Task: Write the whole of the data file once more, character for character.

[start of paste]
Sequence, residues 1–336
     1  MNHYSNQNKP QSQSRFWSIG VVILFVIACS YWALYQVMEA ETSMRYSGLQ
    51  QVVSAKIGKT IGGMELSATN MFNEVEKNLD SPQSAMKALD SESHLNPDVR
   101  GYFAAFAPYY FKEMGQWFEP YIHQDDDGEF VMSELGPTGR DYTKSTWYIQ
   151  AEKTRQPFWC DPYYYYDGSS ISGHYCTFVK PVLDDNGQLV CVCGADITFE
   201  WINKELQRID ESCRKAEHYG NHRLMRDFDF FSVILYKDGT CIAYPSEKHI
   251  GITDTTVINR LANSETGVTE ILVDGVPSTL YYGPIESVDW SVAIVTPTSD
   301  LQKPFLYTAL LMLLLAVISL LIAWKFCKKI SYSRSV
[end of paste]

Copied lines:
Sequence, residues 1–336
     1  MNHYSNQNKP QSQSRFWSIG VVILFVIACS YWALYQVMEA ETSMRYSGLQ
    51  QVVSAKIGKT IGGMELSATN MFNEVEKNLD SPQSAMKALD SESHLNPDVR
   101  GYFAAFAPYY FKEMGQWFEP YIHQDDDGEF VMSELGPTGR DYTKSTWYIQ
   151  AEKTRQPFWC DPYYYYDGSS ISGHYCTFVK PVLDDNGQLV CVCGADITFE
   201  WINKELQRID ESCRKAEHYG NHRLMRDFDF FSVILYKDGT CIAYPSEKHI
   251  GITDTTVINR LANSETGVTE ILVDGVPSTL YYGPIESVDW SVAIVTPTSD
   301  LQKPFLYTAL LMLLLAVISL LIAWKFCKKI SYSRSV